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Raven Hat

12 inches × 12 inches. Artist’s collection.
Carved from western red cedar,
with acrylic paint

Raven may be the most common character in Northwest Coast Native style art.

Traditionally, such as this were worn by the nobility to display their crests, such as killer whales, eagles, beavers, ravens, etc. While this carved hat displays a raven, it is not meant to represent a crest.

Ravens are prominent in Northwest Coast native mythology and regular visitors around my home. They don’t fly in flocks as do the crows, and I can pick out individual ravens by the range and character of the voices. I don’t do a good job of impersonating them, but I do get them to answer my squawks, and it keeps them curious enough to linger a while.


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Killer Whale with visor

16 inches × 16 inches. Weiser collection.
Carved from alder, with opercula of red turban
snail, human hair, and acrylic paint.

The client who commissioned this helmet was from Germany. He was developing a collection of armor from various cultures, and was fascinated with Tlingit armor. He wanted me to make him a full set, which consists of helmet, visor, leather tunic, wooden slat body armor, and slat leggings.

I agreed to make the helmet and visor, but suggested that he might have fun making the other items himself. I gave him photographs and drawings and demonstrated how to fabricate these things. He made a fine set of armor from yew wood slats laced together with small-gauge seine twine.


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Tufted Puffin

10 inches × 14 inches. Private Collections.
Carved from alder, with acrylic paint and
mountain goat hair.

Shamans sometimes utilize images of puffins, the ocean diving birds, representing passage to watery realms. Puffin beaks often adorn ceremonial clothing and regalia making a clicking sound when the wearer moves. Occasionally, puffin shapes appear in rattles and feast bowls.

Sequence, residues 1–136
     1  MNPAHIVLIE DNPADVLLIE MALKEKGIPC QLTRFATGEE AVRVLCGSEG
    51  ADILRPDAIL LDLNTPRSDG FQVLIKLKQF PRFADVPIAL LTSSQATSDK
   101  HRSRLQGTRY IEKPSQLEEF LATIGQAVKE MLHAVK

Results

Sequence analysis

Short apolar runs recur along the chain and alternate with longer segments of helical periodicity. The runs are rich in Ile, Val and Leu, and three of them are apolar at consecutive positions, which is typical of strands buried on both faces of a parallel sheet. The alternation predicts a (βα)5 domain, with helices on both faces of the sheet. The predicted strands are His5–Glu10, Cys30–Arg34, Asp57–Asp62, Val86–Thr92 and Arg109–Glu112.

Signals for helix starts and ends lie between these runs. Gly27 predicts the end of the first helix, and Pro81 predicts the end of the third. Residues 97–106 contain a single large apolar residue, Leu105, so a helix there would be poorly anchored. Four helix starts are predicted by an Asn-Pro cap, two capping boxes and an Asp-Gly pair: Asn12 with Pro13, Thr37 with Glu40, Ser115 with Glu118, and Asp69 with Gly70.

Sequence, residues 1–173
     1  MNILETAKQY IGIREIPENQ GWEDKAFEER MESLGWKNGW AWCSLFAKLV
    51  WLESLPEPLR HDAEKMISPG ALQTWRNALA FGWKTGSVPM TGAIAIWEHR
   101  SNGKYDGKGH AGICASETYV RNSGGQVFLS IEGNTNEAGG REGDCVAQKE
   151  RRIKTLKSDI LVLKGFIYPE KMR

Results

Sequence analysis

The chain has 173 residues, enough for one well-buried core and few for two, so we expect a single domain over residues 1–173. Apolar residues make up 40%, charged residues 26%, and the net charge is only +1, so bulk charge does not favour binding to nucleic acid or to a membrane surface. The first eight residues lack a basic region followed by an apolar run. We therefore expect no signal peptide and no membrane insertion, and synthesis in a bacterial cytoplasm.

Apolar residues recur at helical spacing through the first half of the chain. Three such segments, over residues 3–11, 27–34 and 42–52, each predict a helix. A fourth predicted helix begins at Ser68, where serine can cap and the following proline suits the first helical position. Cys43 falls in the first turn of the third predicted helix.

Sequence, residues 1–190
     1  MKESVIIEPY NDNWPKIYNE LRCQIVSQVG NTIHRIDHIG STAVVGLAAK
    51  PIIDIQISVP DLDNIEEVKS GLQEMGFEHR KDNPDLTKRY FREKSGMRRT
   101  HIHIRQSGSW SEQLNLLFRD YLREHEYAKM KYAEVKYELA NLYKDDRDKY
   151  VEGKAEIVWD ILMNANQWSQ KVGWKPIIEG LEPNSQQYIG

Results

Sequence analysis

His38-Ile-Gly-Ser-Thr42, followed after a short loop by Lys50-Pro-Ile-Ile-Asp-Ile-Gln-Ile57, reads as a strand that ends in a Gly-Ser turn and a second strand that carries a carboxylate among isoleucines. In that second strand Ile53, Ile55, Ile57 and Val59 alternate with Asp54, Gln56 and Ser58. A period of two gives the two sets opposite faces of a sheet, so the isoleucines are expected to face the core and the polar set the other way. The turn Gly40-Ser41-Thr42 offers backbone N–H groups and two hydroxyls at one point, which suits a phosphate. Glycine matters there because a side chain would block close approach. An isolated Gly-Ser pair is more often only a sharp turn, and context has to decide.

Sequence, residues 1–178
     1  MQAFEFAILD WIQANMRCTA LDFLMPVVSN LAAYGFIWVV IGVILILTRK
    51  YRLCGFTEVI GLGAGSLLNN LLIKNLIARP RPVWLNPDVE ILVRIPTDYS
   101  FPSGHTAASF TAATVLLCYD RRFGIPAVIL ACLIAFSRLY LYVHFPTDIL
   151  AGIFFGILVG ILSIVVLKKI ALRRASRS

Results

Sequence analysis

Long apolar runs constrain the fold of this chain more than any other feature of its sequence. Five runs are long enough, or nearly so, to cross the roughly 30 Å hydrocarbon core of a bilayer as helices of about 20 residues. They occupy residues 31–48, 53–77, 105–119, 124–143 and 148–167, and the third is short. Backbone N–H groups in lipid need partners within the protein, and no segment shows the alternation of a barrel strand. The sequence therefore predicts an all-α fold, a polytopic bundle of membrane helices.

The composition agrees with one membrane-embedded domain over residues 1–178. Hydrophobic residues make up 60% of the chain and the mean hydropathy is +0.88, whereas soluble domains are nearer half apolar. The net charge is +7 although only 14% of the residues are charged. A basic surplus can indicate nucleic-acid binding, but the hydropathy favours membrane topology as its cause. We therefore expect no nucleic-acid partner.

I was commissioned by my friends, Tom and Linda Harris, to carve a hat representing a tufted puffin. It depicts a two-dimensional formline spread symmetrically over the surface with all its anatomy, including its head. It was in the correct anatomical order with a three-dimensional puffin secured it to the top of the hat.

Their friend, Joe Denhart, wanted one after seeing their new acquisition. I readily agreed because I wanted to try a different approach. This time I carved the hat with the three-dimensional puffin’s head on top and worked out the formline design of the body below it.


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Raven Warrior

10 inches × 10 inches. Holm collection.
Carved from alder, with horse hair
and acrylic paint.

One of my favorite paintings by Bill Holm is Raven Warrior, depicting a Tlingit war party in three canoes. A warrior stands in the bow of the lead canoe, adorned in full armor and wearing a war helmet representing a raven. I thought it would be fun to someday carve a real-life interpretation of that helmet.

When I had the opportunity to exchange one of my carvings for a painting of his depicting one my canoes, I carved this helmet. I was delighted with my painting, and when I presented the helmet to him, he said, “This is great, I finally get to see what the back looks like.”


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Helmet Visor

Width: 10 inches. Artist’s collection.
Carved from alder.

Visors like this were used in conjunction with the war helmet to protect the face. They were attached to the helmet with leather thongs, but were also were equipped with a “bite plug” made from a short loop of spruce root. While the helmet gave protection against a blow to the head, the visor protected the face from an arrow, spear, or a club. The helmet visors generally had formline designs painted or carved on them.

The small depressions at the front and top of the visor allowed the wearer a view, however limited, of the world before him, and of his adversary.

Portfolio: hats & helmets
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On the northern coast, crest hats were woven of spruce root, or carved from wood and painted with crest designs.

These hats are typical in shape to most of the hats from the central coast north, whether they were woven or carved. Woven cedar bark hats were for protection from the weather. Fine spruce root hats were made for ceremonial use, when they were often painted with formline designs of crests.

Carved crest hats are often elaborated with sculptural additions.

Raven Hat

12 inches × 12 inches. Artist’s collection.
Carved from western red cedar,
with acrylic paint

Killer Whale with visor

16 inches × 16 inches. Weiser collection.
Carved from alder, with opercula of red turban
snail, human hair, and acrylic paint.

Tufted Puffin

10 inches × 14 inches. Private Collections.
Carved from alder, with acrylic paint and
mountain goat hair.